Franchisor Insolvency in Australia: Profiles, Factors, and Impacts
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Franchisor failure is enduring and important in terms of cost, nationally and internationally. This article presents research into Australian franchisor firms that went into a form of bankruptcy protection known in Australia as “voluntary administration.” The research was driven by the commonality and divergence of the interests of franchisors and franchisees. The article provides an insight into franchisor failure and its effect on franchisees. It presents the substantial literature survey that was used to frame questions for franchisor administrators to understand issues associated with franchisors in administration. The limited data demonstrate diversity in the treatment of franchisees during the franchisor's administration. In Australia, franchisees remain a captive, financially committed counterparty during insolvency and potentially deliver a great financial benefit to the franchisor's creditors. The article concludes that administration of franchisors does not take into account the distinct relationship between franchisors and their franchisees and provides policy recommendations to address this matter.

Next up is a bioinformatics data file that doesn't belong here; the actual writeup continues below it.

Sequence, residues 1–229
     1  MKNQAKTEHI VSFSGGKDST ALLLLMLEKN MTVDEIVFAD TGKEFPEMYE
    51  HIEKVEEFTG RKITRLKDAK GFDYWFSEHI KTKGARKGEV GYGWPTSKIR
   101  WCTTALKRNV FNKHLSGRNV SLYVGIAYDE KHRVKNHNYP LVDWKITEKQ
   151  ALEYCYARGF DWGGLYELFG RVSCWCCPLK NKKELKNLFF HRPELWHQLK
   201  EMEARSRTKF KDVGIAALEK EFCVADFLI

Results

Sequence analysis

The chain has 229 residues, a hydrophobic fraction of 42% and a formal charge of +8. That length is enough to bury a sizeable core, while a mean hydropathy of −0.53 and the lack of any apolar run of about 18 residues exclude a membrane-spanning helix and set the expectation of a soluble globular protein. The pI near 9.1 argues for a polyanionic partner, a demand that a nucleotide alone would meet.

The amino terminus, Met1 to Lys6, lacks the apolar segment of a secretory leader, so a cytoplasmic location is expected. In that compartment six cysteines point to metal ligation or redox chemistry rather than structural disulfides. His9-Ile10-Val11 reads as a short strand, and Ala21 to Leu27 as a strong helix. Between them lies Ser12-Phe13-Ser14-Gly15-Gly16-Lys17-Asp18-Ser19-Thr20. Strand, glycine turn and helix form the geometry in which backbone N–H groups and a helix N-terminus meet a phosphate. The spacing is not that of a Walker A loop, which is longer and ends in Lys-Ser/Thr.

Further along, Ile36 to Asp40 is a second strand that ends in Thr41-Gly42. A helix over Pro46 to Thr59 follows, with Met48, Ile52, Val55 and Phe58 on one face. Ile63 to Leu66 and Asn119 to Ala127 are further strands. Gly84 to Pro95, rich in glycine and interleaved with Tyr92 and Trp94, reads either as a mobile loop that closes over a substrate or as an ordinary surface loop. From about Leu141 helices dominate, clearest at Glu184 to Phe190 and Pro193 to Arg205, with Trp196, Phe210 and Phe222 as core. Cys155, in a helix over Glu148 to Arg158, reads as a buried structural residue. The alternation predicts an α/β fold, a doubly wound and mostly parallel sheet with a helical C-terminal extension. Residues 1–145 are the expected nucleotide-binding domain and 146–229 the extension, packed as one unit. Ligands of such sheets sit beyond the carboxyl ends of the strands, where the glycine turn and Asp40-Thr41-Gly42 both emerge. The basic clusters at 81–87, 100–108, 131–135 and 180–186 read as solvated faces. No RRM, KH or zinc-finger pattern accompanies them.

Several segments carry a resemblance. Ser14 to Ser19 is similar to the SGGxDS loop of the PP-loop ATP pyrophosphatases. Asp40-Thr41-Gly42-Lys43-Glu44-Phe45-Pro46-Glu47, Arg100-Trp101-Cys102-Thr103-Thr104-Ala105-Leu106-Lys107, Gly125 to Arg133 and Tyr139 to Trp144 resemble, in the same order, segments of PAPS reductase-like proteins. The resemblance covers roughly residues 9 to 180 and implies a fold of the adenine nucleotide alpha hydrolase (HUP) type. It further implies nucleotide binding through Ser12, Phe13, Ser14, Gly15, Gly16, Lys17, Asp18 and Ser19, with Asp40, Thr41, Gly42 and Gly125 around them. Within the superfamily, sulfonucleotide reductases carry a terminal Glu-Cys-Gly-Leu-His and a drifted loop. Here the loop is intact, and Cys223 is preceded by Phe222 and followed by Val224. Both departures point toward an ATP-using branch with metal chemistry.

Journal of Marketing Channels
© 2015 Jenny Buchan, Lorelle Frazer, Charles Zhen Qu, and Rob Nicholls. This is an Open Access article distributed under the terms of the Creative Commons Attribution License (http://creativecommons.org/licenses/by/3.0), which permits unrestricted use, distribution, and reproduction in any medium, provided the original work is properly cited. The moral rights of the named author(s) have been asserted.
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